How true it is that we are caught in an inescapable network of mutuality, tied in a single garment of destiny. Whatever affects one directly, affects all indirectly.

     Or consider Zuly Sanguino, a Colombian woman who has overcome profound suffering: She was born without arms and legs.  Her father committed suicide when she was two.  She was raped when she was seven.  She was bullied as a child and almost attempted suicide at 15.  Now, however, she is an artist and motivational speaker who lives an incredibly full and rewarding life. 

     She said, “It gives me so much happiness to know I'm helping people. One boy was about to take his own life with a gun when he saw a TV show I was on. He realized he had to be brave and decided not to take his life. He wrote to me and we're now really good friends. I get letters from lots of people who say I've helped them through difficult situations.”

     How many peoples’ lives are better because of Zuly’s witness?  Correspondingly, had she committed suicide (on her own or with assistance) how many peoples’ lives would be worse (and even over) because of her absence from this world? 

     How true it is: We are caught in an inescapable network of mutuality, tied in a single garment of destiny. Whatever affects one directly, affects all indirectly.

     Our choices impact people for better—or for worse.  Consider the story of Will, a young man who was killed via the death penalty.  His lawyer, David Dow, recounts Will’s story in a TED Talk: Will’s dad left his mom while she was pregnant with Will.  Will’s mom, afflicted with paranoid schizophrenia, tried to kill Will with a butcher knife when he was 5 years old.  Will was taken into the care of his brother until that brother committed suicide.  By age 9, Will was living on his own.  He eventually joined a gang and committed murder.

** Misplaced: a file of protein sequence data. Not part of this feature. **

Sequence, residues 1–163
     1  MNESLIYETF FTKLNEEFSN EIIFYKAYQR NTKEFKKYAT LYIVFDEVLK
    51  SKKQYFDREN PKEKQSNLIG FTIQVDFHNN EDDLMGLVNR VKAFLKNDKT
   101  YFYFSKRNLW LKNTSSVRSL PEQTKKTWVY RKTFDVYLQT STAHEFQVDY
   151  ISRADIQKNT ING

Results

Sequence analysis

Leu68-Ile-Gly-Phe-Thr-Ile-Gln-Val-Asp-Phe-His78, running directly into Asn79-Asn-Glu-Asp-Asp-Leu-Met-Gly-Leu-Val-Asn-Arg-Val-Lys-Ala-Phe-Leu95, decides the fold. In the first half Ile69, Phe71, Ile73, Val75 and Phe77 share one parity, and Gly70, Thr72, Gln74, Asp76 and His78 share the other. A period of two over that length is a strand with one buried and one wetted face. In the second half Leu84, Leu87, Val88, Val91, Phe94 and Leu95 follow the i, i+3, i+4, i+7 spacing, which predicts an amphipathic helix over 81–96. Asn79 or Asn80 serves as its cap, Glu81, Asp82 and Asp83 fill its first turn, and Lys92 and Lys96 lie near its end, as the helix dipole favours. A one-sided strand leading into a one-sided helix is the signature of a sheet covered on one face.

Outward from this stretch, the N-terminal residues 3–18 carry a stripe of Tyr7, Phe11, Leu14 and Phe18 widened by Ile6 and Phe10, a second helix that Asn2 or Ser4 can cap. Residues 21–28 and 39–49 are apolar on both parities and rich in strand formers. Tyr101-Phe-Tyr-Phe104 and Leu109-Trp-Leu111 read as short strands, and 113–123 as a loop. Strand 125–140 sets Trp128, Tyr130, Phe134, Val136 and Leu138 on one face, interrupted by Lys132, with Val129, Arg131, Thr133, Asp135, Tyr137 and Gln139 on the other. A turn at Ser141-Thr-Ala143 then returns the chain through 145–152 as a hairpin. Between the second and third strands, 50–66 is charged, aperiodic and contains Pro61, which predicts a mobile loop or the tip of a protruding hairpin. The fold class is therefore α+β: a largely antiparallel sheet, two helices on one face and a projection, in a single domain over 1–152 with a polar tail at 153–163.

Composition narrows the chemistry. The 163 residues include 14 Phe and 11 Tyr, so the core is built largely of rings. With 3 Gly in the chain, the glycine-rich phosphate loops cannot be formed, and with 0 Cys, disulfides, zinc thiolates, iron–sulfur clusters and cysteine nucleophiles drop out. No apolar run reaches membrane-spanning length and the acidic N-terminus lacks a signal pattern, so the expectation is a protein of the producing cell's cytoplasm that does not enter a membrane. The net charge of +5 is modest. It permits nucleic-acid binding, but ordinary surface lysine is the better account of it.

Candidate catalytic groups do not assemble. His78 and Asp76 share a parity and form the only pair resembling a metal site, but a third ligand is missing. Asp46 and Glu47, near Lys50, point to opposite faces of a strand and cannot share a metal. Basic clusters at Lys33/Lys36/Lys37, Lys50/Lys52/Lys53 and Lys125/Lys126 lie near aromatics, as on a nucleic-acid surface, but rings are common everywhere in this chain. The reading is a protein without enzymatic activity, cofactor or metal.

The choices of Will’s father, mother, and brother undoubtedly impacted Will.  There is simply no denying that we are caught in an inescapable network of mutuality, tied in a single garment of destiny. Whatever affects one directly, affects all indirectly.

     So the next time someone supports euthanasia or assisted suicide because such a choice “only affects the people who want to die” we can use the above stories as analogies to show that that simply isn’t true.  Involving medical professionals in Person A’s assisted suicide means Person B may no longer trust her health care provider to properly care for her life.  Person A’s assisted suicide will impact the disposition of the individual who supplies the life-ending drugs or injects the deadly poison because you cannot kill another human being without that leaving a mark on your mind, your emotions, and your interactions with others.  Person A’s legally endorsed assisted suicide will create a climate where Person B asks for assisted suicide too—not because she truly wants it, but because she feels guilted into it by a culture that embraces it and makes her feel like a useless burden.  Person A’s assisted suicide will influence others to respond to their own suffering and obstacles by giving up instead of turning them into opportunities (as Zuly did).  How do I know this?  Because as Dr. Martin Luther King, Jr., has said, "We are caught in an inescapable network of mutuality, tied in a single garment of destiny. Whatever affects one directly, affects all indirectly.”